Once, when we were support-raising missionaries for a Christian church planting organization, a funder wrote me and warned about our going down a slippery slope.
Falling away, going down a slippery slope, turning one’s back and back-sliding–these were the worst fears of my young, vibrant faith. These were the sure signs of the lost cause.
What began as natural and involuntary exploration of identity, faith and calling has become an elephant of non-imagined but unquantifiable proportions. At first there might have been some debate with a few. But now there is just absence and a judging silence. Interaction has dwindled, even over the innocuous, and facing it has hurt. Some days when I see another person has come through town and not said hi, or I experience surprising feelings of loss or loneliness via social media, I have wondered—am I now the lost cause? If I just slip out of faith altogether—would it matter to those whom celebrate conversion moments so heartily?
In my refusal to agree in multiple ways the past 3 or 33 years, I have become refuse in so many others and I guess I thought this family system of faith may be more malleable. I guess I thought the major things would not be automatically questioned when the minor things change, or perhaps I’ve mistaken the minor for the major. And I guess I thought I wouldn’t care as much.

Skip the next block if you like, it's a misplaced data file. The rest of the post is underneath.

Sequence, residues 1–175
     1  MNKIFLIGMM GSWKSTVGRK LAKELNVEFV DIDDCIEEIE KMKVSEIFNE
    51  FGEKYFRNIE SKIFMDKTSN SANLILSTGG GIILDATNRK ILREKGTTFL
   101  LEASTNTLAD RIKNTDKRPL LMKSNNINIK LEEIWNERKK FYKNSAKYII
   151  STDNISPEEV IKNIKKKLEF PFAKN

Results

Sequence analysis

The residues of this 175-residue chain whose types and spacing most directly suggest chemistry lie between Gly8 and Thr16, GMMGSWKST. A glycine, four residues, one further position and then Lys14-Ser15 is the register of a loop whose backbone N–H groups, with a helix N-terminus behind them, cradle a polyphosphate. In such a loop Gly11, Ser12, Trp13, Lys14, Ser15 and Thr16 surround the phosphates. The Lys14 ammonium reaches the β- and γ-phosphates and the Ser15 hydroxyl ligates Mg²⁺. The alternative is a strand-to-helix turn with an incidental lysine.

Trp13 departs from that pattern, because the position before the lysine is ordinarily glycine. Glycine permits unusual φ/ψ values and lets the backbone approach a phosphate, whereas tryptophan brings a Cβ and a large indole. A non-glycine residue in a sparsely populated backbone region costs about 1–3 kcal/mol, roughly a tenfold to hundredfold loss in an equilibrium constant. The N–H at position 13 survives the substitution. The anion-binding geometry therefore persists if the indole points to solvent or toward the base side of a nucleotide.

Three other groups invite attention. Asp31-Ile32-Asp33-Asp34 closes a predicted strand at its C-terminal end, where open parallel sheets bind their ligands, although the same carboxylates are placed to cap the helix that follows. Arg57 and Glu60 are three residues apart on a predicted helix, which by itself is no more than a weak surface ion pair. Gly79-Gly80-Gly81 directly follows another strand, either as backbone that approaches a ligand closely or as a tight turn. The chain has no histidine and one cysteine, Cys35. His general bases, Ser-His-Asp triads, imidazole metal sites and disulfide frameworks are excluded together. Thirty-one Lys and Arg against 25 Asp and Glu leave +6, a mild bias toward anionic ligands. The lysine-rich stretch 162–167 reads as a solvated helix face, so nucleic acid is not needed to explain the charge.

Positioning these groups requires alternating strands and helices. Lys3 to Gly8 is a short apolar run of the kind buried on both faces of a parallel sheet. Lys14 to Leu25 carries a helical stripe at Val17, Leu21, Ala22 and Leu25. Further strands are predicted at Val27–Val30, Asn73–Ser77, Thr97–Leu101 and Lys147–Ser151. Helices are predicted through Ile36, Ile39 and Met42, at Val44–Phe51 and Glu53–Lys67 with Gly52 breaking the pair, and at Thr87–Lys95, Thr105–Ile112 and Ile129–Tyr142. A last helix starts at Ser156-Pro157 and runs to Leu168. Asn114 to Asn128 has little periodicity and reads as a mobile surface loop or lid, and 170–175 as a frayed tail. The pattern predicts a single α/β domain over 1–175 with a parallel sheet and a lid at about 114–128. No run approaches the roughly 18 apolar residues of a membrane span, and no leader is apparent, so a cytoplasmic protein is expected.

And then I wonder at these truly new sensitivities, the concern over disapproval that somehow missed my adolescent years. A lucky or unlucky late bloomer I am. I wonder at the depth of unspoken codes and what I have broken and why I have been so bold as to openly change my mind and why does the cost seem to matter to me now.
//a slow slippery slope and residual shame//
I don’t know where the lines were. As though in a lit room full of lasers, I’ve crossed them, bumbling and awkward. Was it race and talking about Trayvon and Philandro? Was it talking about the prison industry? Was it resisting this trump regime? Was it saying I as a woman could lead or that men have power? Was it defending my healthcare. Was it swearing. Was it seminary. Was it marching. Was it hurting too openly. Was it not saying Jesus’ name enough times per essay. Was it moving away, was it my life getting too messy.